A. Standard of Review

         Summary judgment shall be granted only if “the movant shows that there is no genuine dispute as to any material fact and the movant is entitled to judgment as a matter of law.” See Fed.R.Civ.P. 56(a). The burden is on the moving party to conclusively show no genuine issue of material fact exists. Celotex Corp. v. Catrett, 477 U.S. 317, 323 (1986); Lansing Dairy. Inc. v. Espy, 39 F.3d 1339, 1347 (6th Cir. 1994). The moving party must either point to “particular parts of materials in the record, including depositions, documents, electronically stored information, affidavits or declarations, stipulations, admissions, interrogatory answers, or other materials” or show “that the materials cited do not establish the absence or presence of a genuine dispute, or that an adverse party cannot produce admissible evidence to support the fact.” See Fed.R.Civ.P. 56(c)(1)(A), (B). A court considering a motion for summary judgment must view the facts and all inferences in the light most favorable to the nonmoving party. Matsushita Elec. Indus. Co. v. Zenith Radio Corp., 475 U.S. 574, 587 (1986). Once the movant presents evidence to meet its burden, the nonmoving party may not rest on its pleadings, but must come forward with some significant probative evidence to support its claim. Celotex, 477 U.S. at 324; Lansing Dairy, 39 F.3d at 1347.

         This Court does not have the responsibility to search the record sua sponte for genuine issues of material fact. Betkerur v. Aultman Hospital Ass 'n., 78 F.3d 1079, 1087 (6th Cir. 1996); Guarino v. Brookfield Township Trustees, 980 F.2d 399, 404-06 (6th Cir. 1992). The burden falls upon the nonmoving party to “designate specific facts or evidence in dispute, ” Anderson v. Liberty Lobby, Inc., 477 U.S. 242, 249-50 (1986); and if the nonmoving party fails to make the necessary showing on an element upon which it has the burden of proof, the moving party is entitled to summary judgment. Celotex, 477 U.S. at 323. Whether summary judgment is appropriate depends upon “whether the evidence presents a sufficient disagreement to require submission to a jury or whether it is so one-sided that one party must prevail as a matter of law.” Amway Distributors Benefits Ass 'n v. Northfield Ins. Co., 323 F.3d 386, 390 (6th Cir. 2003) (quoting Anderson, 477 U.S. at 251-52).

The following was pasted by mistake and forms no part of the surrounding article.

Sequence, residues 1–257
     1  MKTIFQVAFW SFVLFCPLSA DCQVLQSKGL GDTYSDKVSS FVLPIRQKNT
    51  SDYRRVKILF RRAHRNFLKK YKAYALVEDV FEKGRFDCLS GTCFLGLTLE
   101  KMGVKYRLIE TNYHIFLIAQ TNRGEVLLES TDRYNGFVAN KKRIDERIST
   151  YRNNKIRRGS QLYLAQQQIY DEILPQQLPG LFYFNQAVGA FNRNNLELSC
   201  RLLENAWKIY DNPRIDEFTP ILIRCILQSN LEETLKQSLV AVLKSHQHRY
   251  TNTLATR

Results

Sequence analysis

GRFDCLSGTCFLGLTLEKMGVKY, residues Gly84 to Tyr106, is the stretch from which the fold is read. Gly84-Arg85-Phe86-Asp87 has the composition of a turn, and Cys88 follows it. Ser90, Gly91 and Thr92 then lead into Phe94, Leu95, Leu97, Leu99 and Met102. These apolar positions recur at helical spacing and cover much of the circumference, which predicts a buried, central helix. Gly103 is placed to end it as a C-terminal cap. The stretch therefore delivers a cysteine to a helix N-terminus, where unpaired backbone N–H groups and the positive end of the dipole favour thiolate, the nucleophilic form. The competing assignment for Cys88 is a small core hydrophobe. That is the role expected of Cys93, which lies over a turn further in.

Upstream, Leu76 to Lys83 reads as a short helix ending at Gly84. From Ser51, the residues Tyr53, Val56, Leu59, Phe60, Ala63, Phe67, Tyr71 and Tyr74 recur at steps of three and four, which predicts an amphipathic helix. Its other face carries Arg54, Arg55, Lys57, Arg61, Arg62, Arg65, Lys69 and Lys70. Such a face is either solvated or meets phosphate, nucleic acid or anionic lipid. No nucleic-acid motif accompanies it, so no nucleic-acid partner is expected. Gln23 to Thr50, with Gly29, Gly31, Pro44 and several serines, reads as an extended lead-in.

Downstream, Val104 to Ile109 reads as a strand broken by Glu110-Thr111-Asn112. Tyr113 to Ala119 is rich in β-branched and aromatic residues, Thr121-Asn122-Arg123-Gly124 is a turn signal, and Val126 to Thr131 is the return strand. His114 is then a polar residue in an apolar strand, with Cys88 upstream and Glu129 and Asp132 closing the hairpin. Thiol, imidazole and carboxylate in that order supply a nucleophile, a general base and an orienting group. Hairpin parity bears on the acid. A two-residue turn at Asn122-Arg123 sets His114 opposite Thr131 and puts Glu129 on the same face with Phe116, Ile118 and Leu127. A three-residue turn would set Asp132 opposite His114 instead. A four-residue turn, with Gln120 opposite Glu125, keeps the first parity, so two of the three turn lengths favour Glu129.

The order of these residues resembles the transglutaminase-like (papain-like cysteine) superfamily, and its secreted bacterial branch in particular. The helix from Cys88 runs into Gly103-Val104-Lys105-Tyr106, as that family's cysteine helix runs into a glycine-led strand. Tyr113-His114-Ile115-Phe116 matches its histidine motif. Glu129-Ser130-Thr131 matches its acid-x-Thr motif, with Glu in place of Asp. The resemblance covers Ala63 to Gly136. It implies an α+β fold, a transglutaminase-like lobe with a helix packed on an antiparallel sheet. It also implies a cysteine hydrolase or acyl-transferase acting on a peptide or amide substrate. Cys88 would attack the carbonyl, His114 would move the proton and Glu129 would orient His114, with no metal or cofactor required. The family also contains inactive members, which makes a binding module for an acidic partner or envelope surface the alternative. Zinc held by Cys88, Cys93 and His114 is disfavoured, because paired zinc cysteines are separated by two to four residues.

B. Ohio Public Records Act, R.C. §149.43

         R.C §149.43 states “all public records responsive to the request shall be promptly prepared and made available for inspection to any person at all reasonable times during regular business hours.” R.C. §149.43(B)(1) (2016). The purpose of the statute is to “facilitate broader access to public records...” and to do so in a reasonable period of time. R.C. §149.43(B)(1-2). R.C. §149.43(C)(1)(a-b) states when a request is not filled in a reasonable amount of time, the aggrieved party may do one and only one of the following:

(a) File a complaint with the clerk of the court of claims or the clerk of the court of common pleas under section 2743.75 of the Revised Code; [or] (b) Commence a mandamus action to obtain a judgment that orders the public office or the person responsible for the public record to comply with division (B) of this section.

         In this case, the Plaintiff did neither (a) nor (b). As a matter of law, there is no claim upon which relief may be granted. The Court grants Defendant City's Motion for Summary Judgment.

         C. ...